Last week, as part of the STEP 2021 consultation process, I had the pleasure of visiting STEP’s Bermuda branch to meet with members, the branch committee and employers. During this time we discussed the major issues in the next STEP business plan, debated STEP’s priorities for the future, and discussed the trust and estate industry in Bermuda and the global regulatory environment. Most importantly, I was able to hear from roughly 70 STEP Bermuda members and local employers about what they want from the Society.
The feedback on proposals to ensure that STEP training truly is cradle-to-grave was extremely positive, as was the response to plans to make learning flexible to local differences and needs. Likewise, there was strong support for the move to the new Qualifications Framework with its university-style academic point system, allowing people to earn their TEP through STEP and other recognised qualifications, with much greater accessibility and choice but at the same tough standard. There was also clear demand for academic and theoretical learning to be accompanied by more practically focused courses dealing with the skills of day-to-day business management and strategy. In every sense, the STEP offer must continue to be relevant and to be aligned with member and employer needs.
On delivering professional development, STEP needs to make stronger use of technology to support members, recognising that there are cost pressures. There needs to be greater accessibility and flexibility to make courses viable for those in the more difficult to get to jurisdictions. Our members are also eager to receive regular technical updates via day-to-day online offerings, and through the STEP Journal and lecture circuits.
There was strong recognition of the challenges facing the industry due to increased transparency, accompanied by regret that there has been little recognition of the existing high regulatory standards in many offshore jurisdictions. STEP must continue its work in this area.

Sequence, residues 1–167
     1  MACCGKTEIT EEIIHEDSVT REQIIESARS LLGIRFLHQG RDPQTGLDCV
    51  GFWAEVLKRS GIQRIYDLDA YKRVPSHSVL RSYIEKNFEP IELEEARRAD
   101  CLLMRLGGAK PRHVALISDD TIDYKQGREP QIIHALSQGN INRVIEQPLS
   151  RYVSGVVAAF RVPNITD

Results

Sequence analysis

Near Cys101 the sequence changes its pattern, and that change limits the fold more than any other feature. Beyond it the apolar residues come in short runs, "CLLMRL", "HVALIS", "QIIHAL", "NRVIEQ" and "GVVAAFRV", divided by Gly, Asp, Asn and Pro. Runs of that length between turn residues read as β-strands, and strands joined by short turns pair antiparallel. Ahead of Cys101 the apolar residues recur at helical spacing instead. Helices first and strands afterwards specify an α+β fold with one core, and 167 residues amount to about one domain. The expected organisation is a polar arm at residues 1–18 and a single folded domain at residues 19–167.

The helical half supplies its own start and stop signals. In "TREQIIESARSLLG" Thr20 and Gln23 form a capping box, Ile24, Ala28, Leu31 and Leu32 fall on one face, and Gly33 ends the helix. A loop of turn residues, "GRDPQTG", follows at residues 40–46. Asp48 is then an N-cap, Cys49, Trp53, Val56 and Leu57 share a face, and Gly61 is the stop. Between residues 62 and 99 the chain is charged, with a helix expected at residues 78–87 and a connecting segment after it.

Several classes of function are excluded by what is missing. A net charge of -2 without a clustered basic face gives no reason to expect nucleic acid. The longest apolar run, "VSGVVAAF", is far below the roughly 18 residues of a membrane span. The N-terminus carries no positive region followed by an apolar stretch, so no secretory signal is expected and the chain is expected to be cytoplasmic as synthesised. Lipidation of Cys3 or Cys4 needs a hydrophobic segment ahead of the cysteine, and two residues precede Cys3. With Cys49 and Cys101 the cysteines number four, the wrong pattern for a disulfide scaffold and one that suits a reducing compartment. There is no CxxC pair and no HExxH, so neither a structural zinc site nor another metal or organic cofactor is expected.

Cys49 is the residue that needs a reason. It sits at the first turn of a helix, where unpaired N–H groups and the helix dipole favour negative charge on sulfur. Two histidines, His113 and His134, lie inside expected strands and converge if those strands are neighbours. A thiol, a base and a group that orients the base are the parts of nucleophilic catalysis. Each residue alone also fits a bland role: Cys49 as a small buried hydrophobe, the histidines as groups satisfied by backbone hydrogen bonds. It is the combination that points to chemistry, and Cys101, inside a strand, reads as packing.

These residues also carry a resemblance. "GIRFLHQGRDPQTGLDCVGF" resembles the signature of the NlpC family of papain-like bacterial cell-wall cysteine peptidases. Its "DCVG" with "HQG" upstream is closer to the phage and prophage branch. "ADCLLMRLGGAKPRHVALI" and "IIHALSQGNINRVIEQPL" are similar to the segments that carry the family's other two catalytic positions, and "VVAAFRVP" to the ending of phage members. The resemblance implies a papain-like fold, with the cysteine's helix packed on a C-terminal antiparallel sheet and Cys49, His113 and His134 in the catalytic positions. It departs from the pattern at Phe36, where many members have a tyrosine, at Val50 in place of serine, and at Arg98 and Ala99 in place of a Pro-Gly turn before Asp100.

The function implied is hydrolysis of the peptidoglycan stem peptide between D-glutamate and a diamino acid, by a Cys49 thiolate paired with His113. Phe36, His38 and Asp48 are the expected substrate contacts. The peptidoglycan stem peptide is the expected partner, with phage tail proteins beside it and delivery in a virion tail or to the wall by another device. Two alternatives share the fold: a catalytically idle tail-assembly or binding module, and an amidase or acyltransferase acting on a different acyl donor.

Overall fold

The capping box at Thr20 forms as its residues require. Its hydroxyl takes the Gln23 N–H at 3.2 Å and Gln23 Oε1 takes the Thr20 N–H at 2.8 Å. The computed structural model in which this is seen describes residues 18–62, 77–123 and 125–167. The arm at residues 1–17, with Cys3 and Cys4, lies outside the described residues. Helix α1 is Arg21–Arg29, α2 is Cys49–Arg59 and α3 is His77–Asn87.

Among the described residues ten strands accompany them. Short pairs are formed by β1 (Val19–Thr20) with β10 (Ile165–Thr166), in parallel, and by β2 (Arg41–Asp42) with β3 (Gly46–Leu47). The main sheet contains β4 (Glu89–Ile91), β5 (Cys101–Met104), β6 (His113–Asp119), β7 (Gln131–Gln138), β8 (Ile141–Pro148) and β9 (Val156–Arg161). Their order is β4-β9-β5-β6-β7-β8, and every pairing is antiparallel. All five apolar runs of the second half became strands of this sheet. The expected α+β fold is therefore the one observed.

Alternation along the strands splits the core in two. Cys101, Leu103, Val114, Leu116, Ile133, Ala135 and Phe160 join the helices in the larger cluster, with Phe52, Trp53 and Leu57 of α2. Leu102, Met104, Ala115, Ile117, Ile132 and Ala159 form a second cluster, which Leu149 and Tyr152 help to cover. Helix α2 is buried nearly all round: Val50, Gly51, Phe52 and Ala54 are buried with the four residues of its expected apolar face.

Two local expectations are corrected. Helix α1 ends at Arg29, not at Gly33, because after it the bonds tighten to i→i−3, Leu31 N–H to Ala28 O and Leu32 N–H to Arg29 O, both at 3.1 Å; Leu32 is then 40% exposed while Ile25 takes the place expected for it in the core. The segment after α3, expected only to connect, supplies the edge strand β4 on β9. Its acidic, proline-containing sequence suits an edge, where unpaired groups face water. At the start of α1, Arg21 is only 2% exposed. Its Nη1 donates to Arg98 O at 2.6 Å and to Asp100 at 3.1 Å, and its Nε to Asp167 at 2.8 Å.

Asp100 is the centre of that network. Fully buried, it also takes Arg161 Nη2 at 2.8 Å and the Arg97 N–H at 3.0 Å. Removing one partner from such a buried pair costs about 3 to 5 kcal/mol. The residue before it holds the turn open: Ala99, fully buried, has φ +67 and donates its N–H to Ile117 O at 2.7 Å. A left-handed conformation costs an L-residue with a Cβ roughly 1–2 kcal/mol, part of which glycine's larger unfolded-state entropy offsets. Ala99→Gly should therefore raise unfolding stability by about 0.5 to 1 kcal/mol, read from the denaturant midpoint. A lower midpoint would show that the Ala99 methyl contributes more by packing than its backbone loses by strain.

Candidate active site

STEP’s plans to rebalance efforts towards developing existing branches rather than new branches were applauded. We must avoid overstretching the Society’s capacity and ensure we develop more deeply and consistently in our existing jurisdictions.
Members and other stakeholders
STEP’s proposals to work more closely with employers were widely supported. All of the employers I met provided useful input to discussions around these plans and have clear needs. They were supportive of the current offer but felt they were well placed to input on future direction. The importance of understanding regulator demands and how that might drive education was also a common theme, well understood at STEP.
There was also support for STEP plans to use technology and Special Interest Groups to strengthen global networks across borders so that they could function not just locally, but virtually around the world.
Overall STEP Bermuda is a very healthy branch and faces many of the same challenges as other offshore centres. While insurance leads the finance sector on the island, the future also provides a good prospect for private client work, as Bermuda looks to promote itself as a jurisdiction of choice. Additionally, although there was a strong focus on gearing STEP towards lifelong learning with depth and consistency, it is clear that members want a stronger reflection of their institutional trust work. They are also eager to see STEP continue as an effective voice for trust work and related private client business with regulators and government.
Finally, I must thank STEP Bermuda Chair Jonathan Dunlop and his colleagues for both their hospitality and their efforts in facilitating valuable engagement with members, employers and other stakeholders.
Left to right: Samira Saya, Zoe Hansen, Gaynette Edwards, David Harvey, Jonathan Dunlop, Lyneisha Lightbourne, Keith Robinson, Tammy Clarke and Susan Trott.